They need to ensure that their audit methods are up-to-date, accurate and capable to uncover bad governance so that they can recommend innovative and adequate solutions.
Old threats in a new environment
Due to the expanding of responsibilities and new fields of activities, public sector auditors need to extend their know-how on a daily basis. At the same time, fraud and corruption remain the biggest threat to a proper functioning of public institutions. The European Academy for Taxes, Economics & Law supports internal and external auditors by providing the high-quality practical seminars and trainings in key issues such as:
Extend your expertise by participating in the various events held by the European Academy for Taxes, Economics & Law in this area.
See our range of training opportunities in EU Funding here.
Fraud and corruption in the public sector heavily harm the economy, lower investment levels and reduce public finances. Anti-fraud and anti-corruption strategies are often not effective enough and damages done to public institutions and their budgets by fraud and corruption can be enormous ranging from financial loss to reduction of organisational performance, reputation, credibility and public confidence.
Whether internal or external, strategic, financial, operational or reputational risks – these can significantly hinder the work of your authority. In the current economic and financial context the lack of an adequate approach to risk management is an enormous and real threat to the work of any public administration, since nowadays work efficiency and effectiveness in the public sector are more important than ever before. For that reason, it is of extreme importance that public authorities do not rely solely on their intuition in dealing with risks, but use professional formalised risk management as an integral and ongoing part of their general management process.
In current times of tight public budgets, public administrations must set and achieve their goals in the most effective, efficient and economical way. This new obligation also alters the responsibilities of auditors in the public sector. To ensure that public institutions operate most efficiently and effectively, auditors can no longer focus on their traditional task of financial audits.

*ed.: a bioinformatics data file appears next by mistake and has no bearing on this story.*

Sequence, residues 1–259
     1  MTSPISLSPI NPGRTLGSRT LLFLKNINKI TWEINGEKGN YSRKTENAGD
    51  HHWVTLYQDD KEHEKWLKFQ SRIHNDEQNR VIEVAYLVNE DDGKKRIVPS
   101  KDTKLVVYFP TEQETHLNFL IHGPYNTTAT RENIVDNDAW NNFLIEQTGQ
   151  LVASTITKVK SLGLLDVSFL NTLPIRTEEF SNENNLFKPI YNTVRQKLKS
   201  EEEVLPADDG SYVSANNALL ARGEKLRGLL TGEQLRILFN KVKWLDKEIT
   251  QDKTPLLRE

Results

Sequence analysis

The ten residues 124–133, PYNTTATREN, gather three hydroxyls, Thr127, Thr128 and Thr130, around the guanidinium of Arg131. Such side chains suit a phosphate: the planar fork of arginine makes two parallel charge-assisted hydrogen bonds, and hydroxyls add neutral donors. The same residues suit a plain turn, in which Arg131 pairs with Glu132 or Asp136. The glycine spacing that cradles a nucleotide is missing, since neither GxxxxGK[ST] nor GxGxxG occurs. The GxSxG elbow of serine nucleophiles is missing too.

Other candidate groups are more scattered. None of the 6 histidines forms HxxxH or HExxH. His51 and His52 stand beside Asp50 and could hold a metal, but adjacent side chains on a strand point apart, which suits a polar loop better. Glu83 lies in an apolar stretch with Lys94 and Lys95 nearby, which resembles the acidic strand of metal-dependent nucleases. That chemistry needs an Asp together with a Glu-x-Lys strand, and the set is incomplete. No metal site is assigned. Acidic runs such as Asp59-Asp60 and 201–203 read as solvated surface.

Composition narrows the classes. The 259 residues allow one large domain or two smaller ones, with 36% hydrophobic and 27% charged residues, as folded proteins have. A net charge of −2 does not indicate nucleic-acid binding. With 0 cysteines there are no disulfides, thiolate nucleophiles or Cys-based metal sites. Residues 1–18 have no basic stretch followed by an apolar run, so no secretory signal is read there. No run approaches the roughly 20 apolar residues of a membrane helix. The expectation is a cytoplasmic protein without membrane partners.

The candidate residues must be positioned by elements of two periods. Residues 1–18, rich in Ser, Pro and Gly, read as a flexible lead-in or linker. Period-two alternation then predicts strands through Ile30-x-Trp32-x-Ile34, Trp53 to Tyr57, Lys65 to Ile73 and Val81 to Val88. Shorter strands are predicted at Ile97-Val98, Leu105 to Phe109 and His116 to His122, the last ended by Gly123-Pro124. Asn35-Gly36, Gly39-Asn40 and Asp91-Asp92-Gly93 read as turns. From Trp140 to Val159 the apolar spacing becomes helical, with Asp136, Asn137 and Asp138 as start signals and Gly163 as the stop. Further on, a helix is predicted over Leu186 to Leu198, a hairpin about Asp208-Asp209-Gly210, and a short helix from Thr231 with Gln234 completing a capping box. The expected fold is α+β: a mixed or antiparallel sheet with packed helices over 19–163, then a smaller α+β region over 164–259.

Many authorities within the management and control system of EU Funds still face considerable difficulties and uncertainties when it comes to detecting and handling (suspected) fraud cases. They are presented with the challenge of distinguishing these cases from irregularities as well as identifying necessary actions.
In times of austerity, audits of public procurements have gained in importance. However, practitioners from public administrations often find auditing public procurement processes to be one of the most challenging and complex fields to audit. Misspent public money in low quality services and goods can endanger both the financial and operational integrity of an organisation.
The European Union (EU) and its Member States are the world’s biggest donor, providing more than half of all development aid worldwide. However, in order to cooperate successfully with the EU and to benefit from the external cooperation funds, beneficiaries have to follow a multitude of administrative regulations and fulfil all external audit requirements.
The European Commission has set out detailed arrangements on the management and control systems to be operated by Member States for the EU Structural Funds in both programming periods (2007-2013 and 2014-2020).